Low life

I have been ambushed by the past

24 April 2021

9:00 AM

24 April 2021

9:00 AM

The other week I turned up for the village walking club’s Monday hike. A dawn meet. Two cars. A 90-minute drive and we parked on beaten earth under umbrella pines. The line-up that day was three English, three French. I was the youngest; the others were encumbered by walking poles. We shouldered our day packs and skied through the pines to emerge on a dazzling beach next to a glittering sea. A hundred metres offshore was a steep fortified island. Fort de Brégançon is the French President’s summer residence, they said.

A spry and taciturn old Frenchwoman, dressed for any future meteorological possibility and with a whistle and lanyard strung around her neck, had assumed, I now noticed, a surprisingly well-defined role as leader, guide and timekeeper. She reluctantly allowed the group 30 seconds’ contemplation of the presidential summer house, then set off resolutely towards the west and we followed in an attenuated line.

When I first came to the South of France, the blue motorway road signs pointing the way to places with names such as Nice, Cannes, Saint-Tropez, Monaco and Menton shimmered glamorously in the mind. Passing beneath them I used to think, ‘This is living.’ But the sprawling concrete reality, when I went there, was either hideous or exclusive or both. Often when we went down to the sea we’d say to each other, ‘It must have been lovely here before the war. Now look at it.’ Or, stuck in traffic on a hot day: ‘Blimey, let’s get out of here.’

Leaving Fort Brégançon (midway on a map between Le Lavandou and Hyères) behind us, le chef led us over and around a succession of wild headlands and scalloped unspoiled beaches: Devil’s Point, Mother of God Point and Cap Léoube; and in between les plages of Cabasson, Grand Jardin, Estagnol, Patelin, Pellegrin and L’Argentière — where the hideousness resumes. Twelve kilometres. Have a look on Google Earth. The land is owned by Lord Bamford, hereditary chairman of JCB, who is patently as opposed to unbridled coastal development as the most reactionary environmentalist could possibly hope for.


And unlike the soulless grey boulders or mud-brown sand that passes for a beach elsewhere along that coastline, the beaches here are of fine white sand. Moreover, when I looked down from the first low headland into the sea, I was reminded of Graham Greene’s memorable assessment of Evelyn Waugh’s prose, which was, he said, ‘like the Mediterranean before the war: so clear you could see to the bottom’. On the day I went, it was like that still. White sand, pellucid sea. Shut one eye and you could be on a deserted Caribbean island. I was so surprised.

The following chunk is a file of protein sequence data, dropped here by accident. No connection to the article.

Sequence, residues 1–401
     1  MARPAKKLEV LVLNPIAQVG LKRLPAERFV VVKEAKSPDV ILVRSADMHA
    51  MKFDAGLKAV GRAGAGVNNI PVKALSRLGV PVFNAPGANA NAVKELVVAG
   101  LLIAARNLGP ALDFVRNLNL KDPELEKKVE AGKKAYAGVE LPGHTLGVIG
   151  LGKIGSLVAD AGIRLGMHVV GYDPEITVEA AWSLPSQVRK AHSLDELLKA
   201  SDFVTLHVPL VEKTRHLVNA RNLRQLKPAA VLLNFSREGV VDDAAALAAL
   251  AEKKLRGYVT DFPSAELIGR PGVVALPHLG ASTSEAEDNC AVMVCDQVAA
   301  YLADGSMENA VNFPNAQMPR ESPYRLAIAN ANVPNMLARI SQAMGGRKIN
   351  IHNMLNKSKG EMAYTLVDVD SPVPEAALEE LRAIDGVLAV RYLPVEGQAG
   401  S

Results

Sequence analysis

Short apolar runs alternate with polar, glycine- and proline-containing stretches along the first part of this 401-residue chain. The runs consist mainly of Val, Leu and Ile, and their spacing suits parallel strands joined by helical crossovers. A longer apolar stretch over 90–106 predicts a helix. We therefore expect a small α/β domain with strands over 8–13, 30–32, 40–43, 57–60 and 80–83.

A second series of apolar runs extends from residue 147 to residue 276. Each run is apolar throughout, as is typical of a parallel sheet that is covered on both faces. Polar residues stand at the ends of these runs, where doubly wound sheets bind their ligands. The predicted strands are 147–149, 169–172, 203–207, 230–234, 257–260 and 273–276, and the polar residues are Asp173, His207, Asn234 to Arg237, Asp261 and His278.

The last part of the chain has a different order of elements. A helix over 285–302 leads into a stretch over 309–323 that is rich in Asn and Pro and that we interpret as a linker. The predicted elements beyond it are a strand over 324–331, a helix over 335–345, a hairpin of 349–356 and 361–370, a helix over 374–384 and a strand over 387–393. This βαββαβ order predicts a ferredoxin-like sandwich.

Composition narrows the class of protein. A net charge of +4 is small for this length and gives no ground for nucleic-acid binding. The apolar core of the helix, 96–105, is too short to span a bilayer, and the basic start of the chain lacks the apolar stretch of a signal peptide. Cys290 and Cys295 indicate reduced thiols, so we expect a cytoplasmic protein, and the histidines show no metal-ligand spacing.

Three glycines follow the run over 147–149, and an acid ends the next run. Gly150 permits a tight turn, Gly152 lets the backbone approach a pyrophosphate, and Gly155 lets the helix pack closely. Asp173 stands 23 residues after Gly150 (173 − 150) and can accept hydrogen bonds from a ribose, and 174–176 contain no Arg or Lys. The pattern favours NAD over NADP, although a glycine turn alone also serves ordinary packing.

As we traipsed along the shoreline beside the lapping wavelets, each successive beach seemed wilder and more beautiful than the last. On the half-mile white crescent of Pellegrin beach I speeded up to take my place alongside le chef to thank her for bringing us here and sharing what was surely a closely kept secret. ‘I’ve known worse places,’ she said curtly. After that I fell back to walk alone and savour the inward excitement of my discovery.

And something else.

When I was 11, my father drove us from Essex to the South of France in his Vauxhall Cresta. It was the summer of 1968 and we had to descend via Switzerland because in France the petrol stations were closed by strike action. It was my first time abroad. My father and his first cousin Rex had rented a villa at Le Lavandou. We spent the fortnight exploring the beaches east and west of it. I’ve always been a slow developer and 11 years old was, I think, when I first came to full consciousness. These deserted white beaches and that soft sea grass and that clear warm sea are pretty much my first continuous vivid memory.

I remembered a solitary French boy of about my age on one of these beaches. I went up to him and asked, ‘Parlez-vous anglais?’ He said, ‘Non.’ And that was that. But I was pleased. I had conversed with a foreigner in his own tongue. The French I had been taught in the last year of primary school by Mrs Burns hadn’t been an elaborate hoax after all.

And something else.

All my life I have rather despised my own and other people’s nostalgic narratives. This month I’m wallowing in them. Exile and a sad death and this pandemic hiatus are mostly to blame in my case, I think. And that day, on those white beaches beside a clear sea, an 11-year-old boy’s heart beat in mine. Coming in through the front door to our cave in the hills later that evening, I felt as though I had returned not from a day’s coastal hike but from revisiting myself as a child. Strange. Pleasant too. I must be slipping.

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